At last! Metroid by Nintendo for the NES, released in 1986 to an uncaring Japan and a year later to a much more appreciative USA.
Since starting this column, I have realized there are certain games that stick out in gamer's memories. Super Mario Bros. The Legend of Zelda. Contra. Mega Man 2. And of course, the forever enduring and endearing Metroid. Let's tear this one up..!
So many people hold this series debut in such high regard, but when the game first appeared (with no fanfare) it was at first received as something of an oddity. The names were strange.. Metroid, Zebes, Samus Aran - none of these meant anything to anyone. Your character was a little orange person who ran funny with little elven Peter Pan legs, and you traversed a black-and-orange world full of little fuzzy things and diving pterodactyls. Also, you could spin-jump really high or turn into a ball and roll through tubes. What was one to think?
Getting over the strange first impression, the gamer who pressed forward would slowly but surely be pulled into heroine Samus Aran's amazing universe. The world was dark, stark, lonely, and creepy - full of impossibly long corridors and extremely steep drops. Your character stated out barely powered with a limited pea-shooter for protection. Many other games of the day were colorfully happy and cheery; Metroid felt like a journey through some bizarre 8-Bit nightmare. Yet as you progressed through the game, something happened - you began to feel empowered. Picking up powerups and weapons made you feel more capable, more connected to your environment. The world of Metroid became the ultimate playground!
As you can tell from my first impressions, the game didn't originally take with me - I was quite high on Legend of Zelda in those days, and this seemed far less approachable. Still, Robocop was pretty recent in the theaters, and as soon as I started thinking of Samus as this cool futuristic outer-space cybercop, the game became much more appealing and I started to fall in love with it. As I started building my arsenal, it became of utmost important to pick apart every pixel of Planet Zebes. What if I wall-bomb here, could there be a secret tunnel? Can I freeze these monsters and skip over the lava to fast-forward to the Tourain level? What happens if I wall-ride up to that unreachable-looking platform? The game was challenging to begin with - Metroid invited you to invent new challenges of your own as well.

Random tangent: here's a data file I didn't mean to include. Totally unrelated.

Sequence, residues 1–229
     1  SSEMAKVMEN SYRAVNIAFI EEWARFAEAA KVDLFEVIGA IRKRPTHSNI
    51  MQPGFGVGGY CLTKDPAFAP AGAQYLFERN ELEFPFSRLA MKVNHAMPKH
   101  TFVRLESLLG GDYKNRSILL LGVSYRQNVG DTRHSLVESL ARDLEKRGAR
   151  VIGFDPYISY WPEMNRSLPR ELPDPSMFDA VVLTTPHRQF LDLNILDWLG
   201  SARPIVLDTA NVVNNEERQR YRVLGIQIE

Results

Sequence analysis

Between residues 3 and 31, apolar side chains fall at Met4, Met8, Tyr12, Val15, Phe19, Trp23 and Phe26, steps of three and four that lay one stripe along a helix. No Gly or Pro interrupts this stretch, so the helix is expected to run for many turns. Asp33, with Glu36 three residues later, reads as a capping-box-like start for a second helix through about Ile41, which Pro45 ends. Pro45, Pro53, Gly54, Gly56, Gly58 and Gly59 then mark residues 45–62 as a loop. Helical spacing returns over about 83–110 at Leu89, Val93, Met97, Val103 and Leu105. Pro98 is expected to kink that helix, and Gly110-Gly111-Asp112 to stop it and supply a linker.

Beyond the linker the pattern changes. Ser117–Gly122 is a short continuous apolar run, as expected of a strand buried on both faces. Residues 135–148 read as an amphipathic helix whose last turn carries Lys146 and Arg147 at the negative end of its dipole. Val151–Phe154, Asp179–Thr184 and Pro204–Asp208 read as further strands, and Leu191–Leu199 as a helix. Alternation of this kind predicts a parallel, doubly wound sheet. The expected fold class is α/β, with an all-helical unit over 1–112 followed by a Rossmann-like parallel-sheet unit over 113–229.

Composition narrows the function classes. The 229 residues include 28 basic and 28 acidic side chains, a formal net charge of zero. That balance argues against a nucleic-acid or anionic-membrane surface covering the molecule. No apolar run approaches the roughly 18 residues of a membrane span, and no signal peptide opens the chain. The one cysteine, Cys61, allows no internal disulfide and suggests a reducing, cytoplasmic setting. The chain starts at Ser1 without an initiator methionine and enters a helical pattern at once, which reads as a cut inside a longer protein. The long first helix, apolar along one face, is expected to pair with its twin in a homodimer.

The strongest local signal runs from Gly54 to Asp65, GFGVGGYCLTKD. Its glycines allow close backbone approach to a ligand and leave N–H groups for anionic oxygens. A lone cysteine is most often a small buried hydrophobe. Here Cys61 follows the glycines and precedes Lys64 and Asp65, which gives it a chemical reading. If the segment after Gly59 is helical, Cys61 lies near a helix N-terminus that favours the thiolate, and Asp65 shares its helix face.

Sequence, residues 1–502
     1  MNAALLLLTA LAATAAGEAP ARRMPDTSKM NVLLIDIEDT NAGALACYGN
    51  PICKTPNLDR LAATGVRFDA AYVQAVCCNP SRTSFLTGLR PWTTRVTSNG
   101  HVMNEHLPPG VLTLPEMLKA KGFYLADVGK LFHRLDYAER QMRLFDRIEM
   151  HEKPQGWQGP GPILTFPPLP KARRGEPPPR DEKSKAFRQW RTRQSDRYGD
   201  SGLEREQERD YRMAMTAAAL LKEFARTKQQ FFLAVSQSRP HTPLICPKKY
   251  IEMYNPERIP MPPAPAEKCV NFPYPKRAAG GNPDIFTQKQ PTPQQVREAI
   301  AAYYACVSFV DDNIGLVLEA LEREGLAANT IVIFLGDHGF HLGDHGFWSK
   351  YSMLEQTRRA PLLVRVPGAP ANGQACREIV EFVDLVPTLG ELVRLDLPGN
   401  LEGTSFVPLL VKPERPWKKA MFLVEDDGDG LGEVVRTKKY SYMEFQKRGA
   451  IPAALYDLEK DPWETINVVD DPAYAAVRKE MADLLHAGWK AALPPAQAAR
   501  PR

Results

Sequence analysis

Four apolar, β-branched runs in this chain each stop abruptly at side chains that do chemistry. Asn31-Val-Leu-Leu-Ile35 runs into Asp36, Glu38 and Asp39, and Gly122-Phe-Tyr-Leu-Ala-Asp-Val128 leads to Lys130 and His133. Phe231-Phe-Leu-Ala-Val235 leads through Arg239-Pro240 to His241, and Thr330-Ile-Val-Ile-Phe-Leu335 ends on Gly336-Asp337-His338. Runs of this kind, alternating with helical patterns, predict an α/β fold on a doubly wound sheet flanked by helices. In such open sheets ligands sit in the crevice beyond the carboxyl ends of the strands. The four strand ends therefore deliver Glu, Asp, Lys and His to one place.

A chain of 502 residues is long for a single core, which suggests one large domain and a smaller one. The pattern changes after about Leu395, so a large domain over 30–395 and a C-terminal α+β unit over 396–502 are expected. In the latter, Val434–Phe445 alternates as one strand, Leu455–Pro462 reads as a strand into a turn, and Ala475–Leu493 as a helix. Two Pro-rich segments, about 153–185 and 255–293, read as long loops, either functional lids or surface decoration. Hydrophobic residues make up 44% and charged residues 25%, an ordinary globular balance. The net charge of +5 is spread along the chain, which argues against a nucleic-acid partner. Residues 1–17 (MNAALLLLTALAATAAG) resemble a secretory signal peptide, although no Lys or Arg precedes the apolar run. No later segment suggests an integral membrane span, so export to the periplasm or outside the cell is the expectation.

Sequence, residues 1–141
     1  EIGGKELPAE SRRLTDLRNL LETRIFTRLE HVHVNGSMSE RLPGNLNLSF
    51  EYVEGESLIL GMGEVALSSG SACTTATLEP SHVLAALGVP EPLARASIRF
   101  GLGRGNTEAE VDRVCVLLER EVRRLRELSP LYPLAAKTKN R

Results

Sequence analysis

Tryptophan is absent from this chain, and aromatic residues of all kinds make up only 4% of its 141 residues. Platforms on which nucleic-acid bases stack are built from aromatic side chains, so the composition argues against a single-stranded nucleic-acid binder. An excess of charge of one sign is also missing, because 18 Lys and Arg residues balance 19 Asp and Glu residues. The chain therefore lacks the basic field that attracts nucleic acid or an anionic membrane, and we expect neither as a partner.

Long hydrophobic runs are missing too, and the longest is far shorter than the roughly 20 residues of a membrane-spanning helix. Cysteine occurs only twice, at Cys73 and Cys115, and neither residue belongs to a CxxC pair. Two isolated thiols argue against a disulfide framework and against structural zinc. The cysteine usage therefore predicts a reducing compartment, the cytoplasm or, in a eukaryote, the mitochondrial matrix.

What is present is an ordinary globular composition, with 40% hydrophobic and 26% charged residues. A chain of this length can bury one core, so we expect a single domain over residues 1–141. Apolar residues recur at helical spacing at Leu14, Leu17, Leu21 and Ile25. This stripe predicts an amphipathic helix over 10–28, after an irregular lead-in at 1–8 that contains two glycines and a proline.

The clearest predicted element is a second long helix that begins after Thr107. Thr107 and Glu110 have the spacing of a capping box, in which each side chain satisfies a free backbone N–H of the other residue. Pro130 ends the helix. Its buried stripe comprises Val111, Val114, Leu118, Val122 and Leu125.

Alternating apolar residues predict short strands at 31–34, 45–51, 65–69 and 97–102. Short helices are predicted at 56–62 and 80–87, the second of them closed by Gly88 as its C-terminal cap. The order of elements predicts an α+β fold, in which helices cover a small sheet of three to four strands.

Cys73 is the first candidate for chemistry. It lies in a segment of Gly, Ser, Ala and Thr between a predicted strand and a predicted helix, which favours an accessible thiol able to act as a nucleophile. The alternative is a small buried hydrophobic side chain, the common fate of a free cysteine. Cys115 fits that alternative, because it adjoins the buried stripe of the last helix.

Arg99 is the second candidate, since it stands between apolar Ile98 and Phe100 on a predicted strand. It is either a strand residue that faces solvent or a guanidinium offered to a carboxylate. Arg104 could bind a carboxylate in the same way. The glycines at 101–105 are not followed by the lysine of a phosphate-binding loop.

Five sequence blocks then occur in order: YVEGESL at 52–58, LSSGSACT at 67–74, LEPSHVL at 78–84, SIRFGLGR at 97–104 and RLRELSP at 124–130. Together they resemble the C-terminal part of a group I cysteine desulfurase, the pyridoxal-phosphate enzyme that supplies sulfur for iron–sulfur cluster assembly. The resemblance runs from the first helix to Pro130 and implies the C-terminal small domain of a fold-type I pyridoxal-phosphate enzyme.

The game was solid, blissful, 8-Bit perfection. Many crow about how the 16-Bit supercharged sequel was the Ultimate Metroid experience, I'll argue that this first installment was the superior adventure. There was no auto-mapping going on here, navigation through this huge daunting world was completely up to you. Games like this and its cousin Blaster Master truly introduced a whole new go-anywhere "open world" concept the likes of which few gamers could have ever imagined.
And then, there was the endgame. You finally came face to face with the game's namesake, brilliantly rendered sprites that actually sent chills down one's spine at the time. Blasting away at the iconic Mother Brain in the final room, standing on that slippery little area and firing rockets to keep the blast door open - never before or since has an end boss made me sweat with so much tension. And then The End after The End - you've killed the Queen, now you must escape before the planet explodes! An incredible twist, every second as you ascended to the surface was harried and frightening. Truly these were the scariest, most emotional videogame moments ever for me! As I made my way to the final exit "in the nick of time" and departed the exploding planet, I felt some slight loss as that incredible adventure drew to a close, and of course the most heroic-sounding ending credit theme fired up just as Samus dressed down. Yup, the first Metroid on the NES was about as connected to a videogame world as I have ever been.
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